It’s an exciting week for me with the release of Unlikely Traitors, the third in my Edwardian mystery series featuring Ursula Marlow. It’s been a long time coming and I’m thankful my readers no longer have to wait to find out what happened after the unexpected ending to The Serpent and The Scorpion (but don’t worry I’m not going to give it away – no spoilers here!)
The inspiration for Unlikely Traitors was a classic ‘what if’ scenario that came out of my research on Irish history. Ever since I was a teenager, I’ve been obsessed with the history of ‘the troubles’ in Ireland (I certainly disconcerted the librarian at our local library by asking for a copy of Bobby Sands’ poetry when I was ten years old…)
While researching the issue of Home Rule for Ireland (which was, not surprisingly, an ongoing controversy in Edwardian England) I found references to Sir Roger Casement and was immediately intrigued. Casement was an Irish born diplomat who was knighted by King George V in 1911 and hanged for treason in 1916.
Prior to the war, Casement was most famous for having exposed illegal slavery in South America and the Congo but when he returned to England (and despite his Protestant roots) he became a fervent supporter of Irish Independence. The outbreak of the First World War only cemented that fervour and, after traveling to Germany to secure aid for an armed Irish uprising against Britain, Casement was arrested and subsequently executed for treason.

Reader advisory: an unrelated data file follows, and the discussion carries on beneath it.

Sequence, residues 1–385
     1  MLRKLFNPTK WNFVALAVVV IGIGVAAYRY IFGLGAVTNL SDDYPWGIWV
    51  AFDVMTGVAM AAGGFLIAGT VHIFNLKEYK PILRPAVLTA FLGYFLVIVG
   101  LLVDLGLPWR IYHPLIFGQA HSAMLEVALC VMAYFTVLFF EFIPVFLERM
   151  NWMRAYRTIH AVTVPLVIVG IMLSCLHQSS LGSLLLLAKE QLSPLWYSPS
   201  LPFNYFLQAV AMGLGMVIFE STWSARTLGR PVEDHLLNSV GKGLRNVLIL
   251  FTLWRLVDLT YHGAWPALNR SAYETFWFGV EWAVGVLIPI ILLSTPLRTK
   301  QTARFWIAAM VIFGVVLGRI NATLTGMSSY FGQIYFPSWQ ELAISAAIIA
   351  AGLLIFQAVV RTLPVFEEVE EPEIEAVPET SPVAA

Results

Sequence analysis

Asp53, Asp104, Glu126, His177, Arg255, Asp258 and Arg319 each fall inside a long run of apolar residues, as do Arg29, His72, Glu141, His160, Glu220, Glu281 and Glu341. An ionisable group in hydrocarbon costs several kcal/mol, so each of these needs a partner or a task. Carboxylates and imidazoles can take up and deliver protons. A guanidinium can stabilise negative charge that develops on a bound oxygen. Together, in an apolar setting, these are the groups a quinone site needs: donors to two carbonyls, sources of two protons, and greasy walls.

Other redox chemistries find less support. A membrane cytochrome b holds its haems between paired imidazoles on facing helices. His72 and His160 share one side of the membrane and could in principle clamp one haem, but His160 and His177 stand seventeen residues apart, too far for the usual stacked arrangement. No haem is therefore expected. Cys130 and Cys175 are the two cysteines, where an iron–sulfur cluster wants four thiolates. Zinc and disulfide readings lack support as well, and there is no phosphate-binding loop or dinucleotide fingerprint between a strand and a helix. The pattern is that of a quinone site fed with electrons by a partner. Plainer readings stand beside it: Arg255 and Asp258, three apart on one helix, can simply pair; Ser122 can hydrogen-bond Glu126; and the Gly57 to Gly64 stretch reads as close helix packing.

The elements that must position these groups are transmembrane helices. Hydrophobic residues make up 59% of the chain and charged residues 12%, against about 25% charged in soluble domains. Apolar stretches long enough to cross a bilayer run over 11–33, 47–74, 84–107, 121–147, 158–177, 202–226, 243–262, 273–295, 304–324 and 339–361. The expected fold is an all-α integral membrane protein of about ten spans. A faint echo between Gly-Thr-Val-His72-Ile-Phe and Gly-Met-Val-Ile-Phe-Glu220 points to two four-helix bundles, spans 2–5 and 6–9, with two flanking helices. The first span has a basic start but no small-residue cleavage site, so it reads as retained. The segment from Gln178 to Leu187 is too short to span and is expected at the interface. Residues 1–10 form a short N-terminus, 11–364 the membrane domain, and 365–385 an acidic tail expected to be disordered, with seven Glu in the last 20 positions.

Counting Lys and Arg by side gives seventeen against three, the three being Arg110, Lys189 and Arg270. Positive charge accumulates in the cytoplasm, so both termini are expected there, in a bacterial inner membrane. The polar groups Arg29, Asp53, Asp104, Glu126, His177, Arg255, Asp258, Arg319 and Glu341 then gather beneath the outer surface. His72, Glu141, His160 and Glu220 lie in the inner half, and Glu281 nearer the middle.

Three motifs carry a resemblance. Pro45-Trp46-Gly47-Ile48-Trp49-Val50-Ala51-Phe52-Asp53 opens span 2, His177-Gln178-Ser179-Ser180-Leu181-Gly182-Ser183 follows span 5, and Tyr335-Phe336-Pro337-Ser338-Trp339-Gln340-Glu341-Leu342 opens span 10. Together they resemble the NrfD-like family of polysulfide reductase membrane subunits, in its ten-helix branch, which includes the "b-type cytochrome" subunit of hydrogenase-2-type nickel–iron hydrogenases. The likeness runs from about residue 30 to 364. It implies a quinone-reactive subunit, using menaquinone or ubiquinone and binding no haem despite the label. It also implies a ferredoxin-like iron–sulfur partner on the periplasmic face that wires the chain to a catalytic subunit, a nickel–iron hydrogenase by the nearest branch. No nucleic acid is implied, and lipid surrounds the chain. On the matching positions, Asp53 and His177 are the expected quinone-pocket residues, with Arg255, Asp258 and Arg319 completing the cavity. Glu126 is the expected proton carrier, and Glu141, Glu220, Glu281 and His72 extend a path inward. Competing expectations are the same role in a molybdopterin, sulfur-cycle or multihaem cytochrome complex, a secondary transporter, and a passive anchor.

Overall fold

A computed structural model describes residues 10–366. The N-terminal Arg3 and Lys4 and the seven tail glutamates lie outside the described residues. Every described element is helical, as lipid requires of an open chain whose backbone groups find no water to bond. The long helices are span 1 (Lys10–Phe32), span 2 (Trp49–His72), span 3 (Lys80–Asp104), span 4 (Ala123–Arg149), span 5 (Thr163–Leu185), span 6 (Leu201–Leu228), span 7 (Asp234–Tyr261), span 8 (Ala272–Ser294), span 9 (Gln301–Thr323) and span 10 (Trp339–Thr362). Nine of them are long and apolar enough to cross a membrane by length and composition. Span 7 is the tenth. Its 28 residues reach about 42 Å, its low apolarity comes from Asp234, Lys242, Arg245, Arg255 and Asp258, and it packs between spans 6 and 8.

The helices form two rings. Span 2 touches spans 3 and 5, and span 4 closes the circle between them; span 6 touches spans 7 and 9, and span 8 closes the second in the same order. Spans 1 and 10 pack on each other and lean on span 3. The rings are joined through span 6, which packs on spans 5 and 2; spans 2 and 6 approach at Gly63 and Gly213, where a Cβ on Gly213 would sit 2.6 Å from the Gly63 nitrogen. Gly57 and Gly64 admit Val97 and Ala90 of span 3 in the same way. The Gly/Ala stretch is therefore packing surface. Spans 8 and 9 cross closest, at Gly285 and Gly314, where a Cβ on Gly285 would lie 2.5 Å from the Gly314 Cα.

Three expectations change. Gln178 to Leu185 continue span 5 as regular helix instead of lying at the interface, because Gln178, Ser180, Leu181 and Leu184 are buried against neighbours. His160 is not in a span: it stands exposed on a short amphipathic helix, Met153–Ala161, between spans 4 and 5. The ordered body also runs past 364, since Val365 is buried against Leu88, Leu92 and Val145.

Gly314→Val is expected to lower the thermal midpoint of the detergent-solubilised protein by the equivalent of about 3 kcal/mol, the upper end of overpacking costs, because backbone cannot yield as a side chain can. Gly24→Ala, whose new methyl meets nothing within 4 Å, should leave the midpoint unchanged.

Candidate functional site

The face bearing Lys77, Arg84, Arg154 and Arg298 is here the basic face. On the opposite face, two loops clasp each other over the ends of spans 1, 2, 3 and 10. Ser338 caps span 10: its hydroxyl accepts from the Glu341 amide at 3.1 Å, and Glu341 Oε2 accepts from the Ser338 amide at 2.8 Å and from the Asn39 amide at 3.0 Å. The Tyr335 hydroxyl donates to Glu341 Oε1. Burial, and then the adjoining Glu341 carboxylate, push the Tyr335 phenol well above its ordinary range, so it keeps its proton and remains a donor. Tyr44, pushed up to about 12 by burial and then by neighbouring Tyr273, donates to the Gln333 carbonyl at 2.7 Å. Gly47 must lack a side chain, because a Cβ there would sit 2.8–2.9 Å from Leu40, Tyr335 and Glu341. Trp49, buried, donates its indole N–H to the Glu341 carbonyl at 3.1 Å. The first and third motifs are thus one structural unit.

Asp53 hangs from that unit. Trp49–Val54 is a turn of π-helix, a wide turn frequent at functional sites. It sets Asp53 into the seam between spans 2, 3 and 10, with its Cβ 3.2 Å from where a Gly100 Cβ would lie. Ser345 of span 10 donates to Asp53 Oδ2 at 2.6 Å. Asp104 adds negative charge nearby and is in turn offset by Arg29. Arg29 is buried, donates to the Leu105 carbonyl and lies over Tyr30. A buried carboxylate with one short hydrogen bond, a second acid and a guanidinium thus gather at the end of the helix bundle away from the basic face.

Immediately I wondered – what was therefore happening in Ireland before the outbreak of the First World War? What if people had been attempting to get armaments and aid from Germany in support of an Irish Republic before war broke out? Turns out my “what if?” scenario wasn’t too far from the truth.
By 1912, Ulster was a powder-keg. Divided between the protestant pro-Ulster forces and the Irish Republicans, both sides were seeking to arm themselves to defend their opposing political positions. Within the pro-Ulster movement there already was a secret committee established to buy arms from abroad to resist any moves toward home rule or Irish independence. On the Irish Republican side, the Edwardian era provided fertile ground for resistance, rebellion and frustration over stalled Home Rule efforts. By the time I had finished my research, I knew that my third Ursula Marlow book would deal directly with tensions over Home Rule and the murky past of some of Ursula’s closest friends (particularly when it came to support for Irish Independence). I also knew that in the third book, the stakes for betrayal had to be higher than they’d ever been before.
So an exciting (and, I confess nerve-wracking) time for me as Unlikely Traitors is released into the world (first as an ebook then in print on August 12th). For me it’s the culmination of a “what if?…” scenario.
I wonder, how many “what if?” questions have led you, TKZers, to a new book or work in progress?